As a writer, I try to keep that in mind. The skeleton of the story can be the same as ten thousand others. It is the living bird that we strive to capture with our words if only to show that it not just brittle remains with labels.
Thus, I take no hesitation in naming The Blind Assassin as my favorite book. That copy I bought out of college (that I couldn’t really afford) with my grandfather’s signature is priceless to me, as priceless as the story inside.
Last Friday marked the end of another year for me. Although I have a summer of online teaching, reading and writing, and program review ahead of me, for now the tide of never ending responsibility is ebbing. Since my kids are still in school, today I have the pleasure of time to myself. In taking stock, I realize I have let myself sink to the bottom of my list of important things. My professional life, while certainly an important part of me, has overrun the rest. What has suffered is my mental and physical health. Bottom line? I’m burnt out.
Beauty may be only skin deep, but health and well-being manifest in the physical in addition to the mental. Case in point, my high levels of stress and poor eating habits have caused my face to break out. My muscles ache and my digestive system feels off. I need to reboot. Therefore, the first order of business is to return to the eating habits my body needs–simple, unprocessed foods, water, actually sitting down to put things in my mouth. Physically I crave walking, which has always been a reprieve for my body and mind. And mentally, well, the best cure for me is reading.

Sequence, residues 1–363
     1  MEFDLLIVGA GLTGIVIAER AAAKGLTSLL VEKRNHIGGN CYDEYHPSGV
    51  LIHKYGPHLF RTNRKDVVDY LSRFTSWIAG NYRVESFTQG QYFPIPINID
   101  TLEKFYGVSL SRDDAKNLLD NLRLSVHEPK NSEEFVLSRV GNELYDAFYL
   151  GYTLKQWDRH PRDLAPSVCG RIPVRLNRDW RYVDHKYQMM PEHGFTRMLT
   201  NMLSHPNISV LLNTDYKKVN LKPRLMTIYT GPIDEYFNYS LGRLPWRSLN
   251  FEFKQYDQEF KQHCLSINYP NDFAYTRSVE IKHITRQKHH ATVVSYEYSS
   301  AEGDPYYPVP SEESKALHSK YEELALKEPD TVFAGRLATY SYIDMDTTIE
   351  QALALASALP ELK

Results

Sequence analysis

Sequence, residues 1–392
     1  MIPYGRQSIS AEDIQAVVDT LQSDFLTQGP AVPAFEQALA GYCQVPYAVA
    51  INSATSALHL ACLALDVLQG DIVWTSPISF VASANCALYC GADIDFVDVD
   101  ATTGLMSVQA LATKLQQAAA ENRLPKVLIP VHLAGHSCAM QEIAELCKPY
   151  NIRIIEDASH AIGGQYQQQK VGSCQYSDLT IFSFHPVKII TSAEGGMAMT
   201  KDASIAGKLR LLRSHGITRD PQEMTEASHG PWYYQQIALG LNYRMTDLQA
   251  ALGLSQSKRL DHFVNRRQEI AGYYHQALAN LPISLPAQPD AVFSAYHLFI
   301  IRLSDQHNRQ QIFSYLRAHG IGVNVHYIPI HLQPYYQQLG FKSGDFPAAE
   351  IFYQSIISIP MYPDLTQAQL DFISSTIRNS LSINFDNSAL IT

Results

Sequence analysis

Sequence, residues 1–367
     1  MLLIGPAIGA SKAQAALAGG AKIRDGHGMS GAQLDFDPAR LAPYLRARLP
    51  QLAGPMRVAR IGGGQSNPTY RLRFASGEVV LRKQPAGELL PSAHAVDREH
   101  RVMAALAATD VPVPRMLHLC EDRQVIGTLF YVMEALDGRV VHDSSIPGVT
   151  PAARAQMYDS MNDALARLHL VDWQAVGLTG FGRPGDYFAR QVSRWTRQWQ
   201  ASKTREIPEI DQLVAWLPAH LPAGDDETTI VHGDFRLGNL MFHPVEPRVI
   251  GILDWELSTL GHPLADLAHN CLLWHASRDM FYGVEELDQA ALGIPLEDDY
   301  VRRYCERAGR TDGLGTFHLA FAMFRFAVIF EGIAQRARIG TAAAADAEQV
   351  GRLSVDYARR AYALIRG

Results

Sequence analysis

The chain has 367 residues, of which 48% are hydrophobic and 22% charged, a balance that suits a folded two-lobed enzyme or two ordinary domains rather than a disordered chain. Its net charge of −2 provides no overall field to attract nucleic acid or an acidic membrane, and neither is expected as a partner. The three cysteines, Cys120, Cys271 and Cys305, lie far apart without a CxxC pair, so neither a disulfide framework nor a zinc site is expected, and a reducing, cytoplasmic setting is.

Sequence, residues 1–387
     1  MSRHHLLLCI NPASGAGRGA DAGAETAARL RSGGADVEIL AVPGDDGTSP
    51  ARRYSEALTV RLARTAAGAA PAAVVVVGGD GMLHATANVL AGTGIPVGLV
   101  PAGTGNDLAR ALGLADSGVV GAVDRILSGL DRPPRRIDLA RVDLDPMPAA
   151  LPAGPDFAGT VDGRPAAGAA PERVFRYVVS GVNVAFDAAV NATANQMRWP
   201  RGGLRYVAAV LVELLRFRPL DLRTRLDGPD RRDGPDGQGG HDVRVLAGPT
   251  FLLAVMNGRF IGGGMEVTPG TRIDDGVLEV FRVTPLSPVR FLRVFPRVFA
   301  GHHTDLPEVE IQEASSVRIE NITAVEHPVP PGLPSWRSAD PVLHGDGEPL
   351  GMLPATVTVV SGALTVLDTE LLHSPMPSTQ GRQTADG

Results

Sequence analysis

I hate that I let myself get to this point, that I become so consumed with work and stress that I can’t stop and help myself. Perhaps because of the nature of the academic year, I feel like I need to ride out the semester and pick up the pieces later. What a triumph it would be to balance my personal needs with all of the other elements of my life. Here’s hoping one day I figure it out. Until then, I’ll take my summer reboots.
Excuse my brevity; I have a border collie in need of a walk and a book that won’t read itself.